• In Unit 8C, students read Gris Grimly’s Frankenstein. The original text is a challenging story written over 100 years ago, so the adaptation into a graphic novel makes the story accessible for eighth graders. The focus of the unit is on the responsibilities of creation and whether or not the monster should be considered human. This gives the students a concrete focus for their reading and thinking and makes the complex ideas in the text more accessible. This clearly builds on the skills that they have learned in the previous units that focus on close reading and evaluating ideas and emotions in the texts.
  • In Unit 8F, students work with materials that focus on the historical aspect of the space race. They read historical documents, analyze images from the time, and do research around cosmonauts and astronauts. While the language and ideas of the texts are often complex and scientific, they are accessible through the connection to the individuals the students are being asked to research. Students are utilizing the reading and analysis skills that they have learned throughout the rest of the units.

Indicator 1e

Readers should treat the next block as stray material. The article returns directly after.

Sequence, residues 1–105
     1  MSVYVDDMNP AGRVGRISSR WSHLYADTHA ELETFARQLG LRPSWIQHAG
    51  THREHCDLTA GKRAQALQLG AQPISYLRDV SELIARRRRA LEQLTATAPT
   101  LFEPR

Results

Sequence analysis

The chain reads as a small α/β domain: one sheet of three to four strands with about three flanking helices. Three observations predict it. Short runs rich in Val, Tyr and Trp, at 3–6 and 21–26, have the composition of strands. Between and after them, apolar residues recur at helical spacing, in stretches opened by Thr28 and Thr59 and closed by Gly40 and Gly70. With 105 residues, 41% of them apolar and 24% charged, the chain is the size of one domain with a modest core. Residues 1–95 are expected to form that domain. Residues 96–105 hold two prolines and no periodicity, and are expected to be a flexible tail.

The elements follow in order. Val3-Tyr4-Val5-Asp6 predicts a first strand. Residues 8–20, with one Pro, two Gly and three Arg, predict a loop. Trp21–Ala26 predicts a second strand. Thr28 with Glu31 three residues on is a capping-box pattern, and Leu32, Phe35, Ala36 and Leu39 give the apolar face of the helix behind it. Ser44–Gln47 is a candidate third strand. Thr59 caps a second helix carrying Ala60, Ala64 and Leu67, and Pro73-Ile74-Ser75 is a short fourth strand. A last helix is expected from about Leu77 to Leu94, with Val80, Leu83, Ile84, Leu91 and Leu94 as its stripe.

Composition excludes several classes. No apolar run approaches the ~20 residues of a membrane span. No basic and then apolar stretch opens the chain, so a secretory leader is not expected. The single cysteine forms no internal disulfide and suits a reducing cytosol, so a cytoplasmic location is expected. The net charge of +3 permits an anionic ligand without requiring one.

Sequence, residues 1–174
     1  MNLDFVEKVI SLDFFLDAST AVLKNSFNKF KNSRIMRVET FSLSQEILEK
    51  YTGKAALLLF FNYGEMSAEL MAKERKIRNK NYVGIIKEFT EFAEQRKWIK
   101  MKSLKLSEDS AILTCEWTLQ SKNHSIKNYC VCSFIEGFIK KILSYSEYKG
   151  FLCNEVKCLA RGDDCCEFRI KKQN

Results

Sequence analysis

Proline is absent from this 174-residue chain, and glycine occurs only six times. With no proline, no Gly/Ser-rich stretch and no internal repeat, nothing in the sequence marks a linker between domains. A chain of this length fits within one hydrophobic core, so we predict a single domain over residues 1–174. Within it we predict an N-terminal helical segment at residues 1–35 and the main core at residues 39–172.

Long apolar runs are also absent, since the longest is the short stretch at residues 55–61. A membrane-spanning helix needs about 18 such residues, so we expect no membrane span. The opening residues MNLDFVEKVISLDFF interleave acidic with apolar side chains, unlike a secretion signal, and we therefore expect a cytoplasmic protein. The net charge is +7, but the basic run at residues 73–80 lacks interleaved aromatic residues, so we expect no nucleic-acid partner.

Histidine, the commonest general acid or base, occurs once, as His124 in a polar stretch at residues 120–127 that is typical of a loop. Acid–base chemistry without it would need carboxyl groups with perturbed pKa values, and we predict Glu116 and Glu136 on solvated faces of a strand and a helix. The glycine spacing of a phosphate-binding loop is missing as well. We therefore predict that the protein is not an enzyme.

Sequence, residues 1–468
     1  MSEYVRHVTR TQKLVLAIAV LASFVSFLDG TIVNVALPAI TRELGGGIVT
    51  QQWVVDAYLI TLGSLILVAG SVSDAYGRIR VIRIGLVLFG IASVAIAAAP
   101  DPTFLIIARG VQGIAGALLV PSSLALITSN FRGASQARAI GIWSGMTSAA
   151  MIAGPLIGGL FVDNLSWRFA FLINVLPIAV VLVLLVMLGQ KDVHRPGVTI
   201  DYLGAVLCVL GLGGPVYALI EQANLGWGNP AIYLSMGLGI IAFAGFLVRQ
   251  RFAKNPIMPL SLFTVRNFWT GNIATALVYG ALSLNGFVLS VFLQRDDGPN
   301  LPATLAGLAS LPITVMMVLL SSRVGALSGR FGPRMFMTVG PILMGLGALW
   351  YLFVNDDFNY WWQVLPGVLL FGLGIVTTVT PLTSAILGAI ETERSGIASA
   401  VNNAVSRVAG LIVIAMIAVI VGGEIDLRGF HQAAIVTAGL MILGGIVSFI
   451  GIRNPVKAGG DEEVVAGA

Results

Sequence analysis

Anchor texts and series of texts connected to them are accompanied by a text complexity analysis and rationale for purpose and placement in the grade level.
2/2
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Indicator Rating Details

The instructional materials reviewed for Grade 8 meet the expectation that texts and series of texts connected to them are accompanied by a text complexity analysis and rationale for educational purpose and placement in the grade level.

The materials provide the Lexile levels for each of the texts for the units and explains what the texts in the units cover and how they are connected as well as what the students will be doing in the units with those texts. In addition to this, there is a Qualitative measure (QT) and rationale that indicates whether the text is at the accessible, moderate, or complex level. The rationale provides the teacher with information about organization, sentence and word complexity, and levels of meaning.  There is also a Reader and Task measure (RT) and rationale that again indicates if the tasks associated with the reading are accessible, moderate, or complex and then comments on what the tasks are asking students to do and how that relates to the quantitative and qualitative measure. The information provided does not explicitly state why specific reading and tasks were placed within the school year.

Some examples of the Lexile and reasoning provided include, but are not limited to: